Prescribing patterns for upper respiratory tract infections: A prescription-review of primary care practice in Kedah, Malaysia, and the implications

Rabiatul Salmi Rezal, Mohamed Azmi Hassali, Alian A. Alrasheedy, Fahad Saleem, Faridah Aryani Md Yusof, Mardhiyah Kamal, Rosminah Mohd Din, Brian Godman*

*Corresponding author for this work

Research output: Contribution to journalReview articlepeer-review

27 Citations (Scopus)

Abstract

Introduction and aims: It is necessary to ascertain current prescribing of antibiotics for upper respiratory tract infections (URTIs) to address potential overuse. A retrospective analysis was conducted of all prescriptions for URTIs among 10 public primary healthcare centers in Kedah, Malaysia, from 1 January to 31 March 2014. Results: A total of 123,524 prescriptions were screened and analyzed. Of these, 7129 prescriptions were for URTI, with 31.8% (n = 2269) containing antibiotics. Macrolides were the most commonly prescribed antibiotic, constituting 61% (n = 1403) of total antibiotics prescribed. There was a statistically significant association between different prescribers and diagnoses (p = 0.001) and a weak positive trend suggesting family medicine specialists are more competent in antibiotic prescribing, followed by medical officers and assistant medical officers (τ = 0.122). Conclusions: Prescribing practices of some prescribers were inconsistent with current guidelines encouraging resistance development. National antimicrobial stewardship programs and further educational initiatives are ongoing in Malaysia to improve antibiotic use.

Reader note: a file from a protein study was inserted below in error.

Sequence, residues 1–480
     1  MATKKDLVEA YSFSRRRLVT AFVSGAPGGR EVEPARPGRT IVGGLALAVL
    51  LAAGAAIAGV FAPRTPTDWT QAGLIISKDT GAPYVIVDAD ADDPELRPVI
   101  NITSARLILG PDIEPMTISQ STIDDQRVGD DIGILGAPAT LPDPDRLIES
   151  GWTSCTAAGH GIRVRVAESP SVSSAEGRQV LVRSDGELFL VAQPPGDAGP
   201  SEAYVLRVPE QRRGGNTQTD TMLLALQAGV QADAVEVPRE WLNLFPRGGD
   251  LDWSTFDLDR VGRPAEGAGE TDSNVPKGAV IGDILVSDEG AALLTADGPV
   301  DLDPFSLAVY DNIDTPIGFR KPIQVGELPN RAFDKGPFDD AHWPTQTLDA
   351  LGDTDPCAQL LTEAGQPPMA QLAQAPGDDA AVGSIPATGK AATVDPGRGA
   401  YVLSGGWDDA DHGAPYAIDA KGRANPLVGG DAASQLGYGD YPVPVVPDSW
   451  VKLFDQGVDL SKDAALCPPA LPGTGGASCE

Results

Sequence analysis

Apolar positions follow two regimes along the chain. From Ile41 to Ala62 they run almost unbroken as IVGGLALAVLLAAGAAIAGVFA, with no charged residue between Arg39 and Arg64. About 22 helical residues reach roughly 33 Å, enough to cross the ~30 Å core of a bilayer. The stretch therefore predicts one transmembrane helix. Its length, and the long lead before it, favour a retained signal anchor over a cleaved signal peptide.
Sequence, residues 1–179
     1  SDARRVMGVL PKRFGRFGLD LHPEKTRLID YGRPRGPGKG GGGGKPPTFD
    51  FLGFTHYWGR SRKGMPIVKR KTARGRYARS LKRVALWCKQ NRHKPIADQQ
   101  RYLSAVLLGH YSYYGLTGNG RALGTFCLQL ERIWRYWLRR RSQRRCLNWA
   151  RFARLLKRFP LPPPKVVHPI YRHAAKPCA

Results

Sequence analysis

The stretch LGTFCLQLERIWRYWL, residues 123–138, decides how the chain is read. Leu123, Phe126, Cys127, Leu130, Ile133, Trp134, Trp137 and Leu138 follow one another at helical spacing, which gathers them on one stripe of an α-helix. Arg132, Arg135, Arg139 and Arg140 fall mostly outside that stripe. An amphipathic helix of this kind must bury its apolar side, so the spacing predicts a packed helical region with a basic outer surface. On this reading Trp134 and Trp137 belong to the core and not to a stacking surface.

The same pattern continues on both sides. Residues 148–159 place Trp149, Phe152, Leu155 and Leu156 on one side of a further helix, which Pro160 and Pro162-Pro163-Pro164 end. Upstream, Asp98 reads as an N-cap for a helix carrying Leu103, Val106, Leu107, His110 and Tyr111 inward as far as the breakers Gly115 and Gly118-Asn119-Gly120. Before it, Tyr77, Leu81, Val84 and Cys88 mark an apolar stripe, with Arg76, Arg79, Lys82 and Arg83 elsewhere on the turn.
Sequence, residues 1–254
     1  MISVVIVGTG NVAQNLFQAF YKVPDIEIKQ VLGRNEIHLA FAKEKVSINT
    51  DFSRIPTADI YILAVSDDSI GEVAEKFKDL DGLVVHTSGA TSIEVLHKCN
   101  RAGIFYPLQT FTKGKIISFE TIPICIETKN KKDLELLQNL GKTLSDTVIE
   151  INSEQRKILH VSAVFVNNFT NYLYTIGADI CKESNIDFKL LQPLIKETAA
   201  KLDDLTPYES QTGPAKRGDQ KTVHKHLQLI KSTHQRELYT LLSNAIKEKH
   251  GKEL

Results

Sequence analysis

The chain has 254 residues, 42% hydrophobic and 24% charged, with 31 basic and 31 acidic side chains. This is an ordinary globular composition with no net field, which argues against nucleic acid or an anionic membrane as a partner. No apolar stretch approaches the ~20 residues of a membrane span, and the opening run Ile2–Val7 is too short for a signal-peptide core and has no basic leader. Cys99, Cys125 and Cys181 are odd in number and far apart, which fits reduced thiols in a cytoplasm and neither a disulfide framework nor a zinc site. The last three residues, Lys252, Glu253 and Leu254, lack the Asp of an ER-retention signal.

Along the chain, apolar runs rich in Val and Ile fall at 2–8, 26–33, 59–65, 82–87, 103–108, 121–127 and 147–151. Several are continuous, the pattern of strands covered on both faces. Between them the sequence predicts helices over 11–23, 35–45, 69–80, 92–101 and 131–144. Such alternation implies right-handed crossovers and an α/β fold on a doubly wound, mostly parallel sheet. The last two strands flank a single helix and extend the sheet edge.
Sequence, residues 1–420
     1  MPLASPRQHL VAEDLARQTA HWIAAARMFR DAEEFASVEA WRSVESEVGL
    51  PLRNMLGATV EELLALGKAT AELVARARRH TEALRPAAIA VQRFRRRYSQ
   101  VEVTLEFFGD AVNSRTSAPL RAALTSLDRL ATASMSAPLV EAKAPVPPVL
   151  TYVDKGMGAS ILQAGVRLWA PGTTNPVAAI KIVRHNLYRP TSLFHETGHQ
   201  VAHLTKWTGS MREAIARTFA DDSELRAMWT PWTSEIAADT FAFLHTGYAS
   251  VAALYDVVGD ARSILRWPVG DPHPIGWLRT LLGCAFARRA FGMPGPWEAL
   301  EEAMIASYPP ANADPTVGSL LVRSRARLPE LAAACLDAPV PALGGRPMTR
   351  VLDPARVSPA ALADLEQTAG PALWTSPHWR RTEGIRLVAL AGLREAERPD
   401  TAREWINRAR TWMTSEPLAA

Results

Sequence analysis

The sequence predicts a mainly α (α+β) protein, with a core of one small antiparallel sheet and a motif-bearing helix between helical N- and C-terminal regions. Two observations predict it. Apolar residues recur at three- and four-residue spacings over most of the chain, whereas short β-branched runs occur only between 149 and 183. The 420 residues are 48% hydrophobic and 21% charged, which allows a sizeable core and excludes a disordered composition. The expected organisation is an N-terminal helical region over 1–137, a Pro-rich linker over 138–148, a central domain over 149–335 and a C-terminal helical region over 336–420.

Original languageEnglish
Pages (from-to)1547-1556
Number of pages10
JournalExpert Review of Anti-Infective Therapy
Volume13
Issue number12
DOIs
Publication statusPublished - 2 Dec 2015
Externally publishedYes

Keywords

  • Malaysia
  • antibiotics stewardship programs
  • guidelines
  • inappropriate use of antibiotics
  • primary healthcare centres
  • upper respiratory tract infections

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